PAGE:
A Michigan doctor refuses to say, “I told you so.” As COVID Makes Its Way Into The Unvaccinated, People’s Attitudes Change.

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A Michigan doctor refuses to say, “I told you so.” As COVID Makes Its Way Into The Unvaccinated, People’s Attitudes Change.

With unvaccinated patients accounting for nearly all recent COVID-19 hospitalizations throughout the country, one Michigan doctor said discussing vaccines in his intensive care unit has become increasingly challenging.

“This is a delicate subject to discuss. Dr. Justin Skrzynski told This website, “You certainly don’t want to have this ‘I told you so’ tone to it when someone is severely unwell.” “However, that is a topic that virtually always comes up.”

“I find that, on the whole, people will tell a story that exonerates them in terms of, you know, they have other things going on or they’re waiting for some sort of condition to happen,” he explained. “It’s tough for someone who is critically ill with COVID to look back and say, ‘Well, this is clearly better than whatever theoretical or fantasy risk that the vaccine would have had.’”

Skrzynski, who has led the COVID-19 unit at Beaumont Health’s flagship hospital in Royal Oak since the outbreak began, said in a Monday interview that while he never wants to appear patronizing about vaccines, most of his patients leave the hospital wishing they had gotten the shot before their infections.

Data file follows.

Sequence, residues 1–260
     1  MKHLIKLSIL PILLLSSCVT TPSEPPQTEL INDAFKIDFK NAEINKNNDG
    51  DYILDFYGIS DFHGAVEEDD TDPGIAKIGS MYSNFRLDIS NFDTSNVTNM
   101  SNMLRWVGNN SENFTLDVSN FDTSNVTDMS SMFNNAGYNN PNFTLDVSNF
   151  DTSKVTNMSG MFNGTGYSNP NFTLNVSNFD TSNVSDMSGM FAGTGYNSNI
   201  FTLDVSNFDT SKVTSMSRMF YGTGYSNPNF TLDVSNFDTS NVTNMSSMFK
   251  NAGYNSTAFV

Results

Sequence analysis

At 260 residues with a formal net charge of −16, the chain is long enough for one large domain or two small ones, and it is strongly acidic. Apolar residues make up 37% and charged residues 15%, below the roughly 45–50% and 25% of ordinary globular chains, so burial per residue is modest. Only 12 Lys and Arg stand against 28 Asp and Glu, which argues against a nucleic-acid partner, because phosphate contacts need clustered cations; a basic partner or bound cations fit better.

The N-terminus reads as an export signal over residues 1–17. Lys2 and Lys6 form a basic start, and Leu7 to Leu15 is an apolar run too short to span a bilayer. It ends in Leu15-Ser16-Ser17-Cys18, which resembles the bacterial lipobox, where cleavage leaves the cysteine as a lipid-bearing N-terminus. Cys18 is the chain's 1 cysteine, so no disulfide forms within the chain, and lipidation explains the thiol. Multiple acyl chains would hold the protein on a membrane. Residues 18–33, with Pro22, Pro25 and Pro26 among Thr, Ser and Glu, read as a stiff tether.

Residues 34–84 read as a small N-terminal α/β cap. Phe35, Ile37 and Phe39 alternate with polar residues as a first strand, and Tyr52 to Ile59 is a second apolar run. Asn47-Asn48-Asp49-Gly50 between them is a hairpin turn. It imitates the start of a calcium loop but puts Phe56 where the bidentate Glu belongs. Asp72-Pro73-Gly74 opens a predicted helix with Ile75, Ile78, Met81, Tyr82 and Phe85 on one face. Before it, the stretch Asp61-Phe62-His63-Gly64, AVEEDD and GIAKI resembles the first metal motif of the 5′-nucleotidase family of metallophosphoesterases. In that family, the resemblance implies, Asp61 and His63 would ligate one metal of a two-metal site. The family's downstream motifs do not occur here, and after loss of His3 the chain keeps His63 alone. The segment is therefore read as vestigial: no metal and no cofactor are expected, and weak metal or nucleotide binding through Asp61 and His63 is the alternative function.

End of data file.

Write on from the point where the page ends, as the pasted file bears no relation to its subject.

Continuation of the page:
“To be honest, the majority of folks that do come in sick, and again, they’re all unvaccinated, we’re seeing the most of them regret it,” he said.

Unvaccinated people account for 97 percent of COVID hospitalizations and 99.5 percent of COVID-related deaths in Michigan, a tendency that has been observed from state to state.

The rapid spread of the highly transmissible Delta variety has triggered a new wave of coronavirus hospitalizations, particularly in places where vaccination rates are low.

While Michigan had some fallback measures in place to help prevent the virus from spreading during its spring surge, Skrzynski warned that states facing a rise today may have even less options to combat a strain that is more difficult to manage.

Masking and distance will continue to be the most effective immediate remedies, he said. “Unfortunately, a lot of people are not willing to return to those measures at this time.”

“If you’re serious about putting. This is a condensed version of the information.

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